HEC Paris Launches New MBA-MIF Program

Check out our HEC Paris b-school zone!HEC Paris Business School just announced the launch of its new MBA-MIF program in a press release Monday. The 20-month program (16 months for the MBA and 10 months for the Masters in Finance) will provide students with an integrated curriculum, allowing for different tracks for students with different skills and experience levels. Within the MBA component of the program, students will be able specialize in entrepreneurship, strategy, or general management, and combine that with the finance specialization in the MIF component. Students will receive “early intensive training in finance, thereby enhancing preparation for banking and consulting interviews.”

Upon completion of the dual degree program, students will receive an MBA and an MSc in International Finance.

According to Jacques Olivier, HEC Paris Professor of Finance and Program Director, “The financial crisis has challenged business schools to find new ways to equip their graduates with the right set of knowledge, skills and values. HEC Paris has designed the MBA-MIF dual degree for young professionals who wish to acquire not only the general management education and leadership skills from a leading MBA program, but also advanced technical knowledge in finance to differentiate themselves from their peers. This unique combination will allow dual degree students to fast-track onto senior management positions within finance and consulting.”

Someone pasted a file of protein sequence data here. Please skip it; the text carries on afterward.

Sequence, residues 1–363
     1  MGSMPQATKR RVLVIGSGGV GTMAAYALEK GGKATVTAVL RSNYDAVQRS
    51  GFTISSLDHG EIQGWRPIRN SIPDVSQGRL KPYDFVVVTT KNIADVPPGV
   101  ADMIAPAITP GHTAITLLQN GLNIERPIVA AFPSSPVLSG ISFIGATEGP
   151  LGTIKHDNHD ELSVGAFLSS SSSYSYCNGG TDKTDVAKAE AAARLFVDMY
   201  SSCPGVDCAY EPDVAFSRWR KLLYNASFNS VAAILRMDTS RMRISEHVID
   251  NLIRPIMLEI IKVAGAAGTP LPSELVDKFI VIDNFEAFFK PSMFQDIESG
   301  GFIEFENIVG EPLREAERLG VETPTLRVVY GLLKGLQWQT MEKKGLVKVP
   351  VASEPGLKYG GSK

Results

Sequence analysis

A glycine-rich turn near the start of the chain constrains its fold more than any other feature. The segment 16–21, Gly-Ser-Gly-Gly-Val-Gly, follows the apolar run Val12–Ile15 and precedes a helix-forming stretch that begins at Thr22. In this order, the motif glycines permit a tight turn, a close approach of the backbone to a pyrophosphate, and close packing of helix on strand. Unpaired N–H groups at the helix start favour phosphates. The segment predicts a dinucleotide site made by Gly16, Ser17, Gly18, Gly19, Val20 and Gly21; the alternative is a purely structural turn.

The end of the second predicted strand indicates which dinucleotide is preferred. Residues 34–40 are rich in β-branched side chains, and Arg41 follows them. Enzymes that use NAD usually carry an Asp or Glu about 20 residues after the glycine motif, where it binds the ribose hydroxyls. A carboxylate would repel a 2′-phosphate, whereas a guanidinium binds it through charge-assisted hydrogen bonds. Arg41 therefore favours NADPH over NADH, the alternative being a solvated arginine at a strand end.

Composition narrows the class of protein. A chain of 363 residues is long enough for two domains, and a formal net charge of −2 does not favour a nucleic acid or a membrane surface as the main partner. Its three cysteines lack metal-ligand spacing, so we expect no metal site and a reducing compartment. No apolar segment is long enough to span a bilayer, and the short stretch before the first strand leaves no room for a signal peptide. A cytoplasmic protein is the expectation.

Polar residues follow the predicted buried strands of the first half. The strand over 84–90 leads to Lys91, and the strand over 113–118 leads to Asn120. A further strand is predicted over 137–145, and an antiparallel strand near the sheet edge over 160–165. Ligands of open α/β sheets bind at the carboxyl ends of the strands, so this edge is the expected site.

See the HEC Paris website for more information on the MBA-MIF program.

For advice on how to get accepted to HEC Paris, please see our HEC Paris B-School Zone.

Click here for the lowdown on one of the most up and coming specialized masters programs in the business world. Helping You Write Your Best

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Writing About Your Experiences Abroad